Longtime LGBTQ activist Carmen Vazquez dies at 72

Longtime LGBTQ activist Carmen Vazquez dies at 72

Carmen Vázquez, a longtime LGBTQ and social justice activist, died Wednesday due to Covid-19-related complications, according to the National LGBTQ Task Force.

She was 72.

“The loss of Carmen tears open a hole in the heart of the LGBTQ+, social justice, immigration, reproductive justice, and sexual freedom movements,” Rea Carey, the task force’s executive director, said in a statement. “I’m deeply sad that one of our movement’s most brilliant activists is no longer with us. Rest in power, Carmen. We will continue your work for liberation.”

Born in Puerto Rico in 1949 to a World War II veteran and a seamstress, Vázquez migrated to New York City in the early 1950s. After graduating from the City University of New York in the early ‘70s with a master’s degree in education, she moved to San Francisco, where she became a leading Bay Area activist.

Vázquez was the founding director of The Women’s Building, a women-led community space that opened in San Francisco in 1971 with the goal of advocating for gender equality and social justice. She then became the director of the National Network for Immigrant and Refugee Rights and the coordinator of LGBTQ services for the San Francisco Department of Public Health.

When Vázquez moved back to New York in the ’90s, she continued her activism by serving as director of policy for the city’s LGBT Community Center and helped found the New York State LGBT Health & Human Services Network, a coalition that now consists of more than 70 nonprofit organizations that advocate for queer New Yorkers.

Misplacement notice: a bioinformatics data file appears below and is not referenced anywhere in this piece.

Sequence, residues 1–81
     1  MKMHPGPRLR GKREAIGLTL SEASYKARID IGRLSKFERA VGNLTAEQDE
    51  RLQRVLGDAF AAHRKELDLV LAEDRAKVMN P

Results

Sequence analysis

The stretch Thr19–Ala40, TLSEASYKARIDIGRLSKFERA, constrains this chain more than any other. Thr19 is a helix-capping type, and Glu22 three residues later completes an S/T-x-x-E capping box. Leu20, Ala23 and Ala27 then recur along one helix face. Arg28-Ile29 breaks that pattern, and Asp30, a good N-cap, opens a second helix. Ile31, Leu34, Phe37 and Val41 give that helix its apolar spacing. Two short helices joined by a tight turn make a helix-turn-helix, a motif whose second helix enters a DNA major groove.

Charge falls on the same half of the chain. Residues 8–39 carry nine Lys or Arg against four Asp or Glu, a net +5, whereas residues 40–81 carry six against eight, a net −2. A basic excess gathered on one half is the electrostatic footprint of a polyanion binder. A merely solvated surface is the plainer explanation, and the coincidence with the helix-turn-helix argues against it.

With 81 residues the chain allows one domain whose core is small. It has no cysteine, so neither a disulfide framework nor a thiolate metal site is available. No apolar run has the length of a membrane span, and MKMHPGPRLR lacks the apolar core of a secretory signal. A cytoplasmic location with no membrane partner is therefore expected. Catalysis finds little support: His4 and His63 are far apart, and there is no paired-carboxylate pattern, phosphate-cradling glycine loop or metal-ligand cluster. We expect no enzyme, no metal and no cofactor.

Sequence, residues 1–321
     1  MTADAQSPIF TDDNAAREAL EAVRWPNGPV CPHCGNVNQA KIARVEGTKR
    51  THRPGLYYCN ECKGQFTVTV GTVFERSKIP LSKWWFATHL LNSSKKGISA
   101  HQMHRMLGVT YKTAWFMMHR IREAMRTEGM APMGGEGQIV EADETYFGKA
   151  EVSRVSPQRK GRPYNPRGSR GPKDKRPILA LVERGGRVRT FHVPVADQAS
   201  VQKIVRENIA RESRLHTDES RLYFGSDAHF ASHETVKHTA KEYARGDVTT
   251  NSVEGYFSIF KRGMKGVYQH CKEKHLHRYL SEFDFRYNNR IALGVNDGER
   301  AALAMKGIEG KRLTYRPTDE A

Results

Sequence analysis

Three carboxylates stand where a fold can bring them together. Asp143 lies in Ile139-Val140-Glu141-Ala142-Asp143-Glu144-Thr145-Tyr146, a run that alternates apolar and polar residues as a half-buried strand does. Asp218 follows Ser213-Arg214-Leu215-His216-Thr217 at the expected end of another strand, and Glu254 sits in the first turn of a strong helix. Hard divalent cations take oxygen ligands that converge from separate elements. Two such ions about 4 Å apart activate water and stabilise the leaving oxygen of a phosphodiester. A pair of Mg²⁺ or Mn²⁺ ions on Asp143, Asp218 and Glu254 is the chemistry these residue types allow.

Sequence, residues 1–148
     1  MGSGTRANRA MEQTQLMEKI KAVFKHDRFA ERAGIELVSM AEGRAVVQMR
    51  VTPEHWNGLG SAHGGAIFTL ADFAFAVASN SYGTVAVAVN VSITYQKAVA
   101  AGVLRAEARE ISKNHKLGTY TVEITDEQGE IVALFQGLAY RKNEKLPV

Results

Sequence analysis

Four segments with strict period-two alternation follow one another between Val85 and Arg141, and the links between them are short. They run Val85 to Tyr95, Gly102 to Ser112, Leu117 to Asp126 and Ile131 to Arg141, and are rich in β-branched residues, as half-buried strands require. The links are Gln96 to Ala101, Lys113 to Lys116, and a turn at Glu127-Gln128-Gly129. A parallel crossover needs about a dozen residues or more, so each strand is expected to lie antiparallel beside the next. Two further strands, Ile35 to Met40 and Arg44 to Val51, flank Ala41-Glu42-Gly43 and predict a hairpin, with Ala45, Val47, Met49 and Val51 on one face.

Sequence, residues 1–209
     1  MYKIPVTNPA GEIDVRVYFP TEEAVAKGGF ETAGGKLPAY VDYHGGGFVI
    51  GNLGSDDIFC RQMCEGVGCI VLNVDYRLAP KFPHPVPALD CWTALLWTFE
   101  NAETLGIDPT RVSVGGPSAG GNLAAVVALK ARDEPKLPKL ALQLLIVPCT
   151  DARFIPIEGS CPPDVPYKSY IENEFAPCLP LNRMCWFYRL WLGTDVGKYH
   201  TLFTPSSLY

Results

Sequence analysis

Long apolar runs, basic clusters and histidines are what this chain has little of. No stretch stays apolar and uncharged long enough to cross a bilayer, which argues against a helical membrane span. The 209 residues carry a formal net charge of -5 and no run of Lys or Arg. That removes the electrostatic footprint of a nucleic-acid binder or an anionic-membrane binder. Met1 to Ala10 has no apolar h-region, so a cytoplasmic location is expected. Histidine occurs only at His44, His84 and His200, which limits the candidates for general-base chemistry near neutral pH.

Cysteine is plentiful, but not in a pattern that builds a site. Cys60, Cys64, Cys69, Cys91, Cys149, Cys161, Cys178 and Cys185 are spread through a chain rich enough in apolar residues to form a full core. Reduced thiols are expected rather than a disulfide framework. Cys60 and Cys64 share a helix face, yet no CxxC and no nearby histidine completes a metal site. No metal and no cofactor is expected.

Her accomplishments were recognized last year by SAGE, a national advocacy group for LGBTQ elders, when it presented her with the SAGE Advocacy Award for Excellence on Aging Issues. Michael Adams, CEO of SAGE, reminisced about the moment in a statement this week.

“One of my proudest moments as an activist was presenting Carmen with the annual SAGE Award at Creating Change 2020, in recognition of her lifetime of courage, fierceness and struggle,” he said. “It’s unimaginable that Carmen has passed, but the spirit of someone as fierce as Carmen lives forever and continues to inspire us.”

SAGE plans to rename the award after Vázquez in honor of her decades of work for the LGBTQ community.

In her acceptance speech for the award, Vázquez had shared her hopes for future activists.

“While today or this moment is about me, change is never about one person alone,” she said. “There were countless others who paved the way for my activism and countless others who will follow me and build the bridge to the future. Equality is not enough, justice and liberation are where our hearts and minds should lead us.”

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Cynthia Silva

Cynthia Silva writes for NBC Asian America, NBCBLK, NBC Latino and NBC Out

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